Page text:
Urology studies often leave out bad news
Call me a nervous “weenie” but I don’t want anyone operating on my genitals unless they and I know the fullest possible information on both benefits and harms.
NEW YORK (Reuters Health) – Reports of study results of new urological treatments frequently don’t include full information on their potential harms, a new analysis of the medical literature shows.
“We found considerable deficiencies in harm reporting that do not seem to be improving with time,” Dr. Rodney H. Breau of Ottawa University Hospital in Canada, and his colleagues say. Without this information, they add, “it is impossible to make strong recommendations for or against a treatment.”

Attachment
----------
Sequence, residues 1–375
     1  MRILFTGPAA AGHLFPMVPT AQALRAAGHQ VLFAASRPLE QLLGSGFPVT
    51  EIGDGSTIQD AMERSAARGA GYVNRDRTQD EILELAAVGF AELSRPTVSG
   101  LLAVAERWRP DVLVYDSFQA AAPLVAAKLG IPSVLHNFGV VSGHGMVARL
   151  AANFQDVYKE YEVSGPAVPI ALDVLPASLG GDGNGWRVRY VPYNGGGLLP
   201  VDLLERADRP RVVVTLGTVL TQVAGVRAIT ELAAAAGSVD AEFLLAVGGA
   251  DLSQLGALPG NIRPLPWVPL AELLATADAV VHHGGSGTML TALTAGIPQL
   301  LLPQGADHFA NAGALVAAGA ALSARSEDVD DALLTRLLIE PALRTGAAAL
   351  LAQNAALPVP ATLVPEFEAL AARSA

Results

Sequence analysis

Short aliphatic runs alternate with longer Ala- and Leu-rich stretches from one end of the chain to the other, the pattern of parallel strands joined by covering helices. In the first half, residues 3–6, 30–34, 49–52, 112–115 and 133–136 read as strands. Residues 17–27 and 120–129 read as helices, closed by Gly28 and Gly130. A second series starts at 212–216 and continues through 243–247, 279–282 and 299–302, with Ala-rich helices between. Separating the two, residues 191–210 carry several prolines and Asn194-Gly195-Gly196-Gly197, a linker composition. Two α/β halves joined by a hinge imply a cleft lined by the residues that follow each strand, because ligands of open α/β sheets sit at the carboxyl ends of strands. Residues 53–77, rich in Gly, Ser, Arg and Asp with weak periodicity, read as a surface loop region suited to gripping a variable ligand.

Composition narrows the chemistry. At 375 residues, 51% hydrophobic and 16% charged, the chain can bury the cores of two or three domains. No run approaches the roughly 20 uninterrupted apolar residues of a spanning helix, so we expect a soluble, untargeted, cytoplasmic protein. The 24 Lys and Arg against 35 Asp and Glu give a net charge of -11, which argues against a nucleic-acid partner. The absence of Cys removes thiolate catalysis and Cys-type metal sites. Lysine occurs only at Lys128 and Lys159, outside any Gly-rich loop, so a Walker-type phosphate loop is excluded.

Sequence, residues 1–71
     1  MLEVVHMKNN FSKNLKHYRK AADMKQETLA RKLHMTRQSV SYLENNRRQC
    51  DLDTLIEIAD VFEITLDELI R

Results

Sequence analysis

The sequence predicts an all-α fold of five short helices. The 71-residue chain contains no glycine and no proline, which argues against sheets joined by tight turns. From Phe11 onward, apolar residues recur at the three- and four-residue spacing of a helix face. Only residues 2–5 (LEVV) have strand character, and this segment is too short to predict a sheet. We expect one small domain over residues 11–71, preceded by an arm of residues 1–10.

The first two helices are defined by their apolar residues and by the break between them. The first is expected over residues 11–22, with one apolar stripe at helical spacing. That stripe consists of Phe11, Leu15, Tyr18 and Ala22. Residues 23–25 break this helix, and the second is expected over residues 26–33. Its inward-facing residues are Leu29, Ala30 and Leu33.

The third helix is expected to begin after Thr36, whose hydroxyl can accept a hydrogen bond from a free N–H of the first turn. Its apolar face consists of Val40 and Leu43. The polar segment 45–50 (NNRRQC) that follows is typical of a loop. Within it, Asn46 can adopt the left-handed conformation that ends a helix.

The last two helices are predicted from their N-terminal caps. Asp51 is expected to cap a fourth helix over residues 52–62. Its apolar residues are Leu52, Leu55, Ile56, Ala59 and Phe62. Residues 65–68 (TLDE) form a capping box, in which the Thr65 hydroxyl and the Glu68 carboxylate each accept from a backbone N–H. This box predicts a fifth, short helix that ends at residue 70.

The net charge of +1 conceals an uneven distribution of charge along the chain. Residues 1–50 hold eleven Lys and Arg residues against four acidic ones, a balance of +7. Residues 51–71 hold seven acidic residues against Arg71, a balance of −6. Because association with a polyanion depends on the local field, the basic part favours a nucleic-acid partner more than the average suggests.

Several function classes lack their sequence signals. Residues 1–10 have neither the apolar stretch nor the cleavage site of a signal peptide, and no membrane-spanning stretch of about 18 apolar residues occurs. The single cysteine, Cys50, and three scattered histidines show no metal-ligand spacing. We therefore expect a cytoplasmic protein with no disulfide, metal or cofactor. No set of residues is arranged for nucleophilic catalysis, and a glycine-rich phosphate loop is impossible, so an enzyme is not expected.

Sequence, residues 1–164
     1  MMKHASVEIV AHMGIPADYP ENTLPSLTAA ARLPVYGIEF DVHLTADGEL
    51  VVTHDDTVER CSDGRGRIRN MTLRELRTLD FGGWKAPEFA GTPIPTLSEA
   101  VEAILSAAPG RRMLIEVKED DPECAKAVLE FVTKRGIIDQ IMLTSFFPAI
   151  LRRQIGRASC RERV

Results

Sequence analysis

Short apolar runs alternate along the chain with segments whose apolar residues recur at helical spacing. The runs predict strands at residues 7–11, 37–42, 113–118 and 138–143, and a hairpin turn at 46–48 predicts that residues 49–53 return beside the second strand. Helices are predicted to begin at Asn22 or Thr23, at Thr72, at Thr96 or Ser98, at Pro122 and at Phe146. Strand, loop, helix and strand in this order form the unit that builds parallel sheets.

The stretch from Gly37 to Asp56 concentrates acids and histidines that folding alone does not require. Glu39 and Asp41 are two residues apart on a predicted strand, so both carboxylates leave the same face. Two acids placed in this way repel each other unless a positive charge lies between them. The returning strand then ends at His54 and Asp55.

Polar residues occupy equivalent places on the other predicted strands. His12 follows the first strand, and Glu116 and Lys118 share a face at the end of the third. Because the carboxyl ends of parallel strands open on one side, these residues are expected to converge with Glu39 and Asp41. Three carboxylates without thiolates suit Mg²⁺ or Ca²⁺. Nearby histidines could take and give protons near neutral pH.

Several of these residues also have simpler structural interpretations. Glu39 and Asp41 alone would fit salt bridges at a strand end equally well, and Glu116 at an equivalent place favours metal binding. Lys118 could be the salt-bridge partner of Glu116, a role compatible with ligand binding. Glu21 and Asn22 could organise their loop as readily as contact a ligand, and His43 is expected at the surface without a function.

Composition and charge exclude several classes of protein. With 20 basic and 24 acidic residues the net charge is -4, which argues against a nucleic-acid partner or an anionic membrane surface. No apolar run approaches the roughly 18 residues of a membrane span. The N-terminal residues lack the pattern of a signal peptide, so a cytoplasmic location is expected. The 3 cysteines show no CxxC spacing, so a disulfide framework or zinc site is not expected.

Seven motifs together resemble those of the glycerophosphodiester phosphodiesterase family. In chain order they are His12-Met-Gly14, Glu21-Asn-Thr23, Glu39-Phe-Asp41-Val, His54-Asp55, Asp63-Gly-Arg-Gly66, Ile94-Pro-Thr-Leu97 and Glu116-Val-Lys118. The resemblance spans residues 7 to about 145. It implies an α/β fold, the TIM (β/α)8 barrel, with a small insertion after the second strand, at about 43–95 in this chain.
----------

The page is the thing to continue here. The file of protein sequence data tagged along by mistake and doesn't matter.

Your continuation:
Reports on medical and surgical treatments often leave out information on adverse effects, even if that information had been gathered during the clinical trial, Breau and his colleagues note. Their study is the first to look specifically at the field of urology, the medical specialty focusing on the urinary tract and urogenital system…